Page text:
Bibliometrics are tools used to give a quantitative measure of the impact of a piece of research, or a researcher's body of work, or a research institute's research output, etc. Often these tools are broken up into "Metrics" and "Altmetrics".
The generic term metrics or traditional metrics are used in bibliometric reports or bibliometric research to refer to measures like citation count, h-index, journal impact factor, etc. These are measures of how many researchers could have seen and/or used the research in question. Traditional metrics usually require a wait of a couple of years before they are worth calculating, because it takes time for other researchers to do, write up, submit, and publish articles that cite the article in question.
Altmetrics, alt-metrics or alternative metrics are used to describe measures like number of shares on social media, number of mentions in news stories, how many downloads, etc. These are measures of interest, awareness and possible impact in the wider world. Altmetrics are usually very fast, involving a flood of attention when the article in question is first published, and then slowing down as discussion moves on to newer topics.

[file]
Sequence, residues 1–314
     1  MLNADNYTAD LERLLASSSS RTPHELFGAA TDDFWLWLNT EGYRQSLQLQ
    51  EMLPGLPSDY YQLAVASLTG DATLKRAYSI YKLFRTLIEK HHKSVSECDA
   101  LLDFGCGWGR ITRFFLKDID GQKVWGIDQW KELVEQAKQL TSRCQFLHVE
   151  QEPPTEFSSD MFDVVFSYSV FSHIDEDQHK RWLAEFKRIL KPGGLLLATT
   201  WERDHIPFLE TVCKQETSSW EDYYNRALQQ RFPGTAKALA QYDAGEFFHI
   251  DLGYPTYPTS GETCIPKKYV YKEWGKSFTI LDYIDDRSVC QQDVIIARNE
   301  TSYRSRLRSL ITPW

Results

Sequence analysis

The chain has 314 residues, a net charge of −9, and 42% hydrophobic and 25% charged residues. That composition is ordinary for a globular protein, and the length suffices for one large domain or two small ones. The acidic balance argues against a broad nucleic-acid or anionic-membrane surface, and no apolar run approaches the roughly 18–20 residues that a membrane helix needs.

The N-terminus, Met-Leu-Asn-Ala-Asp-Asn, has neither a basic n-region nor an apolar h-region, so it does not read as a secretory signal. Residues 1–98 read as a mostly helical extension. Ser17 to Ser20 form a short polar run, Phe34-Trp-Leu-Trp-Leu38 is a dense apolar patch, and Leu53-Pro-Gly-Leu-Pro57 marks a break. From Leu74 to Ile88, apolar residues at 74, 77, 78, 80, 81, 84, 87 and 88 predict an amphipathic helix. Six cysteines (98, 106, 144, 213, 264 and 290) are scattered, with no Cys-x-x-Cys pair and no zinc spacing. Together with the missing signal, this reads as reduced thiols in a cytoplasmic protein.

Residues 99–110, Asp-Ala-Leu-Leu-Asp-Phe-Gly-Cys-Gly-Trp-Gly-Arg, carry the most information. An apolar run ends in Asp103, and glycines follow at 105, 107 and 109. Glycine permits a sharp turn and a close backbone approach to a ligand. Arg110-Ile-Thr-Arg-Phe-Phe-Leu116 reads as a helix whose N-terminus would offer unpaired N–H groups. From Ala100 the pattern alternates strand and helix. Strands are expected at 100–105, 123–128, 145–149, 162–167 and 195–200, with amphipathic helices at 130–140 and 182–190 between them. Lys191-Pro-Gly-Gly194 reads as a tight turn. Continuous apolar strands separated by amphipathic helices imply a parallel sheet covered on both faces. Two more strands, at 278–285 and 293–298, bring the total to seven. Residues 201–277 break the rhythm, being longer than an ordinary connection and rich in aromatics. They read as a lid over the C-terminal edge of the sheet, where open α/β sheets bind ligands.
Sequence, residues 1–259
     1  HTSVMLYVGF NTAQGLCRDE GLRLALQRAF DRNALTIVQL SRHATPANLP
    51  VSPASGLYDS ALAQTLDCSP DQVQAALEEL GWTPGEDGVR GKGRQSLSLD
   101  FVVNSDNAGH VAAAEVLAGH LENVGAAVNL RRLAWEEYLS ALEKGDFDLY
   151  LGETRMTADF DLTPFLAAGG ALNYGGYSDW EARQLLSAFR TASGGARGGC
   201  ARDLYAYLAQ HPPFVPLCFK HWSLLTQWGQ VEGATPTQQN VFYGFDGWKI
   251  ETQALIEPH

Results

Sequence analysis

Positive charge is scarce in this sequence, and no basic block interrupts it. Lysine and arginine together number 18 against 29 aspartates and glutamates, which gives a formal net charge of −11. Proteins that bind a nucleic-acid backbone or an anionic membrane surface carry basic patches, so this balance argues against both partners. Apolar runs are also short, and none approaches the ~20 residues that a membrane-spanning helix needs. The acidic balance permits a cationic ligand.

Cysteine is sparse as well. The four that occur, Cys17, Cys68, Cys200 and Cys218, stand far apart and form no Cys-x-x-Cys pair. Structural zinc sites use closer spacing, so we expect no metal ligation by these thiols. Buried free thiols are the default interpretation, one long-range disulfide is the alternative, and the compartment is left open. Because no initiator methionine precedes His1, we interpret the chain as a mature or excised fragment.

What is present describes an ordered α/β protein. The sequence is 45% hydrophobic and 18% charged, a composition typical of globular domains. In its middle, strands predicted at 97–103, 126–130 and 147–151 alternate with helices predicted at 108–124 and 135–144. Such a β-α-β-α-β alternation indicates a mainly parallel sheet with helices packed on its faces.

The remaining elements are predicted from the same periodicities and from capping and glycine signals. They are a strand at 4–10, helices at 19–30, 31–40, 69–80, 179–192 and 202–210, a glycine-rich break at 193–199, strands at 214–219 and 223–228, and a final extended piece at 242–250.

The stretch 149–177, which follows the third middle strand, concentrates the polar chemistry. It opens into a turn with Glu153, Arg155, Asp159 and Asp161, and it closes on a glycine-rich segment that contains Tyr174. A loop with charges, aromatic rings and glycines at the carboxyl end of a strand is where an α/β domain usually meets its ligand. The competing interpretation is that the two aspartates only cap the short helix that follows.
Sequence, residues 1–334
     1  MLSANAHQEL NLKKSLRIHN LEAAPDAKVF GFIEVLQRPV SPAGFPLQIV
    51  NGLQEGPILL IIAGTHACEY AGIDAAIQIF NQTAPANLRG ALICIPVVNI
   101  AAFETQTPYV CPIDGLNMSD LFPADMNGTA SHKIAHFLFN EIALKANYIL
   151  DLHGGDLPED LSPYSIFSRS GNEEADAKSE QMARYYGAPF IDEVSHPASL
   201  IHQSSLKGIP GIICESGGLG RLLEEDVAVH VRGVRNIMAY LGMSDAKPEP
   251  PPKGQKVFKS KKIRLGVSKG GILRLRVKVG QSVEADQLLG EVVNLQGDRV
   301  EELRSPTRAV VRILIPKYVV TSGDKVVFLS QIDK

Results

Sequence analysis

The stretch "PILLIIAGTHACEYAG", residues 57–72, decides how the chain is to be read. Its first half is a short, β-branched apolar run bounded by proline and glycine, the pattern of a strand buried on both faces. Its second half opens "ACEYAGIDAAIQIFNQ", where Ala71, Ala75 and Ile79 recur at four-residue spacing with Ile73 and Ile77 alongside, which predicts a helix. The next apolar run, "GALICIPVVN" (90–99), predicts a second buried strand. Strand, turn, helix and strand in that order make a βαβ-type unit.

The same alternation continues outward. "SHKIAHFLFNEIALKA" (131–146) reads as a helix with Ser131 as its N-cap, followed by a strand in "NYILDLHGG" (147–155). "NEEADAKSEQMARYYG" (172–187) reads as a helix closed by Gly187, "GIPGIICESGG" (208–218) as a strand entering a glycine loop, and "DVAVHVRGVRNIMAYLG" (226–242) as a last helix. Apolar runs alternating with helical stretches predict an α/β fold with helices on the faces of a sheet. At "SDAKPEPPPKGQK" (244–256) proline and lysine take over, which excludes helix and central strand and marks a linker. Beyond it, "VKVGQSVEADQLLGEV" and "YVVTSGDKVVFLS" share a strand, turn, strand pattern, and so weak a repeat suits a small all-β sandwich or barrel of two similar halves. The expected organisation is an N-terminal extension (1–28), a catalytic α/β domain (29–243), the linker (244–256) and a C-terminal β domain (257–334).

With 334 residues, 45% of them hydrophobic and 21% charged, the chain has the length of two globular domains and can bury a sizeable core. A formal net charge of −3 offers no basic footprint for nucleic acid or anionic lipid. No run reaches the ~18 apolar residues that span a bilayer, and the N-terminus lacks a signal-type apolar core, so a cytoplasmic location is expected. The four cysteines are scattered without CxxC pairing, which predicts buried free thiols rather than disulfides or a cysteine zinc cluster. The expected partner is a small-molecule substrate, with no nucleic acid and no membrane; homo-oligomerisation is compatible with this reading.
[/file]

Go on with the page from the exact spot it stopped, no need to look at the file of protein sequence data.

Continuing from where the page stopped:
Metrics, usually traditional, are often used in academic settings for hiring, promotion, tenure etc. You may also be asked for metrics (again, usually traditional) for research grant applications and in other circumstances where someone is deciding between multiple researchers.
Both traditional and alternative metrics have their weaknesses as tools for measuring the importance and impact of a research study, a researcher or a research institute.
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